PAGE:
Friday's HOT MIC
David Harsanyi has a very good piece at Reason:
If you ever wanted to understand the power of tribal loyalty, there are two new articles for you to read. The first is a Daily Beast article that explores the reinvention of Maxine Waters, a congresswoman "once dubbed one of the nation's 'most corrupt'" in Washington, D.C. The second is a column titled "Why Conservatives Still Attack Trump" in which columnist and radio talk-show host Dennis Prager attempts to figure out why so many Republicans refuse to walk lockstep with President Trump.
Let's start with Waters, who is, of course, still corrupt—a dictator-loving conspiracy theorist who has abused her office for decades. She is now the recipient of standing ovations for her sharp attacks on Trump. The esteem Waters receives not only exposes the hypocrisy of many who claim to resist Trump on constitutional and ethical grounds but also warns against aligning yourself with people who don't respect the norms they claim to protect.
Those who advocate overturning the Citizens United ruling and allowing the state to ban political speech—almost every liberal—have little business lecturing about free expression. Neither do those who, only a few months ago, proposed ditching Fifth Amendment protections in an effort to confiscate guns. Nor do those whose opposition to spying on American citizens is contingent on which president is in office. The notion that Sen. Chris Murphy (D-Conn.) or Rep. Adam Schiff (D-Calif.) are guardians of the Constitution is laughable.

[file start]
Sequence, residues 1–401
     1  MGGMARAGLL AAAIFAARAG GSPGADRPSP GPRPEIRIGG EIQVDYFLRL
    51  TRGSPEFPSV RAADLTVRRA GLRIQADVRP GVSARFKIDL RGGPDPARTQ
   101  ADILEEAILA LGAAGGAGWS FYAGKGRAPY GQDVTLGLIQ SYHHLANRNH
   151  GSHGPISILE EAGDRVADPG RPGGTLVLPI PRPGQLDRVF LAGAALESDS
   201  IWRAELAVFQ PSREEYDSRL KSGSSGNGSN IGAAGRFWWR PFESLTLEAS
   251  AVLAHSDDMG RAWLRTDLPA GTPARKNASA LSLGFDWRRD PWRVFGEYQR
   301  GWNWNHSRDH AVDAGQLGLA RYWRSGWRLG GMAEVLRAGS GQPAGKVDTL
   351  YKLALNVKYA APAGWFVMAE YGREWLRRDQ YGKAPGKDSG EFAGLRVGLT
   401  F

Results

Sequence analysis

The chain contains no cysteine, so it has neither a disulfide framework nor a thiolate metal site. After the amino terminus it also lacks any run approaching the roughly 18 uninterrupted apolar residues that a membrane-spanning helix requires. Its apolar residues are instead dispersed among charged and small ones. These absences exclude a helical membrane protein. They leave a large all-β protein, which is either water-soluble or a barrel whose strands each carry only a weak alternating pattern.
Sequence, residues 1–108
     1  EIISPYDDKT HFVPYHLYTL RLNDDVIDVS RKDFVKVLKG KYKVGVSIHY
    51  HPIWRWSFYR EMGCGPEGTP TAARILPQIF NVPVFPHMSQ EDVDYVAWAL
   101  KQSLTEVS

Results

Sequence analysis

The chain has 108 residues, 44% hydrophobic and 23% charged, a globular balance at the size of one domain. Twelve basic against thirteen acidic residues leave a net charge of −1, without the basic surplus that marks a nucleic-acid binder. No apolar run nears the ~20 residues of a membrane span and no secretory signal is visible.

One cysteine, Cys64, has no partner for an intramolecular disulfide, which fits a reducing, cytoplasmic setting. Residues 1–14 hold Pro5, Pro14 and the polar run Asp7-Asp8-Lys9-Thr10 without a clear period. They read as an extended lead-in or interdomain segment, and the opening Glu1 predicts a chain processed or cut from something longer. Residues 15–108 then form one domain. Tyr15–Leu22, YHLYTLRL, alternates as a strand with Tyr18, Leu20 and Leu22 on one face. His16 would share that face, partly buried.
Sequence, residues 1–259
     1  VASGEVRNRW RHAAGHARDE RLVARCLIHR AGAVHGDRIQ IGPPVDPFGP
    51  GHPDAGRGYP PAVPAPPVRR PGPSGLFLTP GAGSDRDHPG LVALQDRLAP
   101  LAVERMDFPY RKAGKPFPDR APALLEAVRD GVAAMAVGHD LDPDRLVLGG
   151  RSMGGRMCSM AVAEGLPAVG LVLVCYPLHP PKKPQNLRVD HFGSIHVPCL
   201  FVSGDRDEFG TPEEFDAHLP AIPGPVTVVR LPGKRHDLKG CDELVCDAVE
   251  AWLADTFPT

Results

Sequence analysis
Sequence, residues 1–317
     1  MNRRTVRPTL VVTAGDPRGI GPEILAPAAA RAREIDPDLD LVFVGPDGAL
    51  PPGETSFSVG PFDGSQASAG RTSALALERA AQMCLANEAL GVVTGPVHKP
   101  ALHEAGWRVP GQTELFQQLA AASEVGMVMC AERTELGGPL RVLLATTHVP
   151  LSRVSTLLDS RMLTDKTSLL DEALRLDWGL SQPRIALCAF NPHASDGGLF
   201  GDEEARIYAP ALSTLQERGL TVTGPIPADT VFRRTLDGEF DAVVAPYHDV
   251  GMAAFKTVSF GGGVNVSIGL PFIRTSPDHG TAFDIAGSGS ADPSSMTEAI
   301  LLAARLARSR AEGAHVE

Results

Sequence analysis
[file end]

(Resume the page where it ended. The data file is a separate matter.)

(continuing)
Obligatory post-election anti-Trumpism, which dictates absolute opposition to what this one person is doing, puts you in league with people whose concern has little to do with the Constitution and everything to do with their ideology. "Never Trump" was once a statement of intent. Now it's often a demand for conservatives to engage in hysterics every time the word "Russia" appears. No, thanks.